Why Pavel Bure’s Number Deserves To Be Retired By The Vancouver Canucks: We Wanted Forever (Part 2/4)

Pat Quinn and Brian Burke made every effort to court Pavel Bure because they knew his effect would be transformative. Image source: YouTube: “Pavel Bure Russian Rocket Hockey Documentary 1992 Canucks”. Uploaded by: “KidThunder10″

To read part I click here

It is 1990, and the Canucks are about to begin their twentieth NHL season.  After being drafted by the Canucks in 1989, Bure’s eventual arrival becomes a test of patience and loyalty.  It is just as well that Pavel Bure is not a member of the team which, once again or, perhaps, as always is mired in the middle of rebuilding for the future.  Gone are ties to the 80’s legends.  Names like Tony Tanti, Stan Smyl, Harold Snepsts, Garth Butcher, Richie Sutter, Paul Reinhart and Petri Skriko are absent from the lineup now.  The team sports a younger, faster and tougher group led by the team’s youngest star, Trevor Linden, who wears the mantle of “league’s youngest captain” with the poise of a 35 year-old veteran.

Pat Quinn has been a busy man.  In the last two years he has turned the roster over by replacing nearly eighty percent of the players from 1989’s woeful lineup.  Quinn’s aggressive trade policy, has yielded important pieces in every area on the ice, seemingly in anticipation of the biggest star the market will ever know.

On defence, Jyrki Lumme shows a puck possession and flair which the Habs have seemingly given up on too soon.   The Canucks’ long-considered “worst trade ever” of Cam Neely for Barry Pederson has yielded, among others, Dan Quinn.  In a fitting twist of fate, Dan Quinn is later traded in a package for Sergio Momesso, Robert Dirk, Geoff Courtnall and Cliff Ronning in what still stands as the greatest trade in Canucks history.  Pat Quinn shores up the blueline by stealing tough defenders Gerald Diduck from Montreal and Dana Murzyn, formerly of the cup-winning Flames.

Veteran Russian draft picks, Igor Larionov and Vladimir Krutov have joined the team, but after one season only Larionov remains while Krutov shows up ill-equipped for the speed and grind of the NHL.  Two rookies, Petr Nedved and Gino Odjick also play full seasons for the club.  One is labeled an underachiever, while the other, Odjick, an instant fan favourite for his courage.  Two other Quinn additions from three seasons ago, winger, Greg Adams and goaltender Kirk McClean round out the roster, and are both much improved from their previous seasons.

Brian Burke put his law degree to work for the Canucks, in the case of Pavel Bure. Image source: YouTube: “Pavel Bure Russian Rocket Hockey Documentary 1992 Canucks”. Uploaded by: “KidThunder10″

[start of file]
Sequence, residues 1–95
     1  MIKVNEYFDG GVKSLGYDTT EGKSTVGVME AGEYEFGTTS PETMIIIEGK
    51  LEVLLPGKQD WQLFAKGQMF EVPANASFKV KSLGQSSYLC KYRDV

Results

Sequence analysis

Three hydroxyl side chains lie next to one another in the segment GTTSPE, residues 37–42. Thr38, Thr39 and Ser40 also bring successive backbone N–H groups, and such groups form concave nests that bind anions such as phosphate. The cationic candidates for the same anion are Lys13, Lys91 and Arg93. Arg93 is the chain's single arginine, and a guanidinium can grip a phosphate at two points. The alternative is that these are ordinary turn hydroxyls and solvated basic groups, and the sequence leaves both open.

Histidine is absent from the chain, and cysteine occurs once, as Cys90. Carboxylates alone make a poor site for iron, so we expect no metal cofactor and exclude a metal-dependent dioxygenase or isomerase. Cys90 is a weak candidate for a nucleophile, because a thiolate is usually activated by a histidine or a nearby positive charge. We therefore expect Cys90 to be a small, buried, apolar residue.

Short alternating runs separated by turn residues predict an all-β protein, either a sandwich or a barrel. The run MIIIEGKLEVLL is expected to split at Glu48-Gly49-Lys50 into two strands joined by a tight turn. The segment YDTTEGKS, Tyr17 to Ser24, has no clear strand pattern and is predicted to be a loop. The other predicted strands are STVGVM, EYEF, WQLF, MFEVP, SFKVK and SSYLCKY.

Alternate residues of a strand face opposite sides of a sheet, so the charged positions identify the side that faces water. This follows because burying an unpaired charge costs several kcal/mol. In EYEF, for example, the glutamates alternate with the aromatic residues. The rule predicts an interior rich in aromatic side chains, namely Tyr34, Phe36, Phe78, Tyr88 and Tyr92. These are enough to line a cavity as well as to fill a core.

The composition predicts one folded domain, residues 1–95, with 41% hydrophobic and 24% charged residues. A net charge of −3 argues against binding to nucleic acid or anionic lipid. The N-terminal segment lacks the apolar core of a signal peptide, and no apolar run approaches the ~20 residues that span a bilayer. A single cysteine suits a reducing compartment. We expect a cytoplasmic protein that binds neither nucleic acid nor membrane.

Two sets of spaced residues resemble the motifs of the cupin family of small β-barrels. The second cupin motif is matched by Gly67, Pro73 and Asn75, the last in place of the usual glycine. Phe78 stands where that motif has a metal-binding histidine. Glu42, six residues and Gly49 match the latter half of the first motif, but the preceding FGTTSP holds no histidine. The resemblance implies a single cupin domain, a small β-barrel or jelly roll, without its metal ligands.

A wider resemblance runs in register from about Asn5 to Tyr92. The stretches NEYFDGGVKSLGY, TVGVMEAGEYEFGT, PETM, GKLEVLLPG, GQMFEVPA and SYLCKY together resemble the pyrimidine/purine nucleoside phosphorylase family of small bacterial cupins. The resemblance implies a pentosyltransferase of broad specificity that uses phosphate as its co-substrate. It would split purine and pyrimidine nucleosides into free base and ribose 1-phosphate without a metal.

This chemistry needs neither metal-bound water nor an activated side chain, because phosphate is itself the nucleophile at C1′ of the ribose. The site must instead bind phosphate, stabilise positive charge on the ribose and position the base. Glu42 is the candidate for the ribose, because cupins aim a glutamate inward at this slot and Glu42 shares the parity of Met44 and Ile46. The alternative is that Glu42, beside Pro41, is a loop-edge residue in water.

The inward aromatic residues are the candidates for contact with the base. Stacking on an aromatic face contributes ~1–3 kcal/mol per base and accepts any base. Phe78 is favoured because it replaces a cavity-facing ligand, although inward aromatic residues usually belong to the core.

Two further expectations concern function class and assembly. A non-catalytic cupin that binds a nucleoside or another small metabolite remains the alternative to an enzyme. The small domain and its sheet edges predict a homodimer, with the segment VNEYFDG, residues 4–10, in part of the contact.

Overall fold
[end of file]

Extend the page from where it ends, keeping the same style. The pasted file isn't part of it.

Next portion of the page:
Still, Quinn is not satisfied.  His roster feels right, but the players are not winning games.  Thus, 54 games into the 1990-91 season and the team sporting a record of 19-30-5, third year coach Bob McCammon is replaced by the cigar-chomping Irishman to the glee of fans everywhere in Vancouver who were calling for McCammon’s head.

The team responds by going on a modest run and sneaking into the Stanley Cup playoffs only to be eliminated, again, in the first round.  This time the defeat comes at the hands of the Gretzky-led L.A. Kings.   It was bad enough when the Canucks were routinely drubbed at the hands of the Gretzky-led Oilers, but the inability to defeat the Kings, once an even more prolific doormat of the league than the Canucks themselves, is insufferable for fans.

The end of the season sees to another draft wherein the Canucks draft for size.  With talents like Alexei Kovalev and Swedish star, Markus Naslund still available, the team drafts goon, Alex Stojanov after just missing out on Peter Forsberg.  Stojanov, ironically would be traded much later for Naslund but, for now, he represents what the team feels it needs.  Protection for Pavel Bure.

Bure’s first words to Canucks were in broken English. Back then, Canucks fans didn’t care if his presence was not going to be “felt in the community”, but rather, on the ice. Image source: YouTube: “Pavel Bure Russian Rocket Hockey Documentary 1992 Canucks”. Uploaded by: “KidThunder10″

Quinn and Brian Burke feel it now.  Russians are flooding the NHL.  Over 20 Russians are drafted in 1990.  Alex Mogilny and Sergei Fedorov are already starring for their respective teams.  Larionov has played well.  Bure is coming.

The fans sense it too.  The growth of communication between Russia and the west is beginning to open.  Bure has been spotted playing for a gold winning junior team, and world championship teams.  He now has accomplished a rookie record-shattering season in the Soviet Championship League, playing for CSKA Moscow.  His team has already won a championship with Bure in the lineup.  But there are still hurdles to clear.